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A Lean transportation network must be designed to support Lean delivery requirements. Material arrives in smaller quantities on a more frequent, predictable schedule. Once shipment sizes are reduced and delivery frequency is increased, the shipments need to be leveled over available working time. Lean transportation networks need to successfully support the triple goal of increased delivery frequency, reduction of lot sizes and levelled flow of material. The use of small package delivery, multiple stop milk runs, LTL consolidation and mixed product container building at the point of origin all play a vital role to achieve Lean transportation. The milk run is a specific Lean transportation technique that helps to facilitate small lot sizes, increased delivery frequency and levelled flow. Milk runs are pick-up and delivery routes that deliver goods to manufacturers at fixed times during the production cycle. They typically involve picking up or delivering at multiple suppliers with the same truck. The goal is to deliver small lots in frequent delivery cycles. The challenge of implementing smaller more frequent shipments is controlling transportation costs. There are tools and techniques to achieve the three Lean goals (frequency, lot size, levelled flow) and even reduce transportation costs in the process. Two of these techniques are daily transportation variability optimization and transportation event management (Transportation cost reduction cannot be realized through infrequent transportation network designs. Real savings will only result from daily management and optimization of transportation requirement variability.). Lean Customers Lean customers understand their business needs and therefore can specify meaningful requirements. They value speed and flexibility and expect high levels of delivery performance and quality. Lean customers are interested in establishing effective partnerships—they are always seeking methods of continuous improvement in the total supply chain to reduce costs. Lean customers expect value from the products they purchase and provide value to the consumers who they interact with.

Benefits of Lean Systems
Speed and Responsiveness to Customers Lean systems allow a supply chain to not only to be more efficient, but also faster. As the culture of lean takes over the entire supply chain, all links increase their velocity. A culture of rapid response and faster decisions becomes the expectation and the norm. This does not mean that decisions are made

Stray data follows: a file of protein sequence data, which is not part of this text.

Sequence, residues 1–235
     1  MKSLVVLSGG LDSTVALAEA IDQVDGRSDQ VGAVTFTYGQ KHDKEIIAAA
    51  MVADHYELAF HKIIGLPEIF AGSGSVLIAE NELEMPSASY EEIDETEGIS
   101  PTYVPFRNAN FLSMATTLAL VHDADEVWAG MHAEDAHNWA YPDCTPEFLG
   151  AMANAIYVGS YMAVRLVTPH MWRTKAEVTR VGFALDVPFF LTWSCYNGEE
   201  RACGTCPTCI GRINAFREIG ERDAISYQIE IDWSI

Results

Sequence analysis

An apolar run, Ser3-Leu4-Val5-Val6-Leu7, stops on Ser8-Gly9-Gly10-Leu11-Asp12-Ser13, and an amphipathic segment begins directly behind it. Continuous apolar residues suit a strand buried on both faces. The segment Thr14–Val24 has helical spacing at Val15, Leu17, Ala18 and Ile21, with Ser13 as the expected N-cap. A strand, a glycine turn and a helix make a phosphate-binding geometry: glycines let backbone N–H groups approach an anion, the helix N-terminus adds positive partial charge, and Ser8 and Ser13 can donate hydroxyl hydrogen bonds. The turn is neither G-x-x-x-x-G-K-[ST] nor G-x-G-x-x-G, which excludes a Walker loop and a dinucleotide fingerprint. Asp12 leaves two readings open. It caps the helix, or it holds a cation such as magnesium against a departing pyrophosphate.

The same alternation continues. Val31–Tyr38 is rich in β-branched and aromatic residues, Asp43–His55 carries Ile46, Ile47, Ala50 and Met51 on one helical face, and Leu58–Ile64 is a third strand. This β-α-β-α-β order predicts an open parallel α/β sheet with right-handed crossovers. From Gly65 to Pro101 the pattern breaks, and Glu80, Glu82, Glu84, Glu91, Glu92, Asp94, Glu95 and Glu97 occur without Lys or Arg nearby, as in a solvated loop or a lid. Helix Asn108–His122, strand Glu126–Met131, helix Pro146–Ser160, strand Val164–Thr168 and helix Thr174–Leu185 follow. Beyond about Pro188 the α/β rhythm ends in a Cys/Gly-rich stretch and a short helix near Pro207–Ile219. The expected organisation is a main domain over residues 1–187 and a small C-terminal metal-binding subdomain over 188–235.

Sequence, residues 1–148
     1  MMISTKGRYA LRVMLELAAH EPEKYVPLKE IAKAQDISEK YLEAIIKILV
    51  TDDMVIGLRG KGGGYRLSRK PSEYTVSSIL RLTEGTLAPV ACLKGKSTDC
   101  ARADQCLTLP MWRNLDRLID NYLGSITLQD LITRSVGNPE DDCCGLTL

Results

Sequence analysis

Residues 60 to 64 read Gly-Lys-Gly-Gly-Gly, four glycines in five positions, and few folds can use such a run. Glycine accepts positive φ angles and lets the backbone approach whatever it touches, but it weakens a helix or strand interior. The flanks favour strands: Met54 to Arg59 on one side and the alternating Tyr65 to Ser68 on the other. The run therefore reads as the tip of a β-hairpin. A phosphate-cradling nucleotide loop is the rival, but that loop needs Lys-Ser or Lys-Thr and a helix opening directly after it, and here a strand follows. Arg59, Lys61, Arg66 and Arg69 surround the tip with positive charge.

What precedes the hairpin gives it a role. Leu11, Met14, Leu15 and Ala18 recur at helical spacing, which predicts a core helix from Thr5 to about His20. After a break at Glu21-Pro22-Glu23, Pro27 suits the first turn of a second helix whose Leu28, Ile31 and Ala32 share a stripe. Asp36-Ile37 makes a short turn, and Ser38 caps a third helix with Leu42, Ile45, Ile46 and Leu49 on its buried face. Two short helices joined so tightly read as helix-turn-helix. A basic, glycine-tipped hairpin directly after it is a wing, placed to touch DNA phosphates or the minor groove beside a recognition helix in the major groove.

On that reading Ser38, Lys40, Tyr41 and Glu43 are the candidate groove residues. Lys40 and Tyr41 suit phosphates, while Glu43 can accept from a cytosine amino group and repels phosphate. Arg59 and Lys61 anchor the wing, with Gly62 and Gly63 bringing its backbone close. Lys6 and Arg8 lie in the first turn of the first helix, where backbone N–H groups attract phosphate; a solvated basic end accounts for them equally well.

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without careful thought. It simply means that a "bias for action" becomes the new corporate culture and anything less will not be tolerated. Slow response or no response becomes the exception, rather than the rule. Reduced Inventories In the lean paradigm, inventory is considered waste. Many would argue this point, but manufacturing can take place efficiently with little or no raw material, work in process (WIP), or finished goods inventory. Many companies today produce directly into trailers and maintain no other finished goods inventory. All quality inspections and checks are performed within the process, rather than after production is complete. In this true make-to-order scenario, all goods are shipped directly to the next link in the supply chain when the trailer is full, and overproduction is not possible and cannot be tolerated. No space is designated to store finished goods. The system is not designed to carry them. Applying one-piece flow and pull systems can reduce WIP dramatically. A Kanban or visual signal for more goods to be moved forward to the next process can accomplish this procedure. Although the ultimate goal is to eliminate WIP, minimal WIP is normally the result. The elimination of bottlenecks is one goal of a lean supply chain, but a bottleneck will always exist to some degree. As a result, WIP must always exist in front of a bottleneck or the bottleneck operation will be starved and will stop. Raw material inventory is a different matter. Although the leanest organizations have arranged just in time deliveries to support manufacturing, this approach requires the absolute highest degree of competency and coordination within the supply chain. Reduced Costs Traditional mass production tries to minimize unit costs by increasing total production over the life cycle of the product. High development costs are the result of this model. To recover the enormous development and initial capital costs sunk into the product before it was produced, mass producers forecast and run long production cycles for each SKU. Consumer preferences and variety suffer in this scenario. Costs still need to be minimized, but not at the expense of what more sophisticated consumers now demand.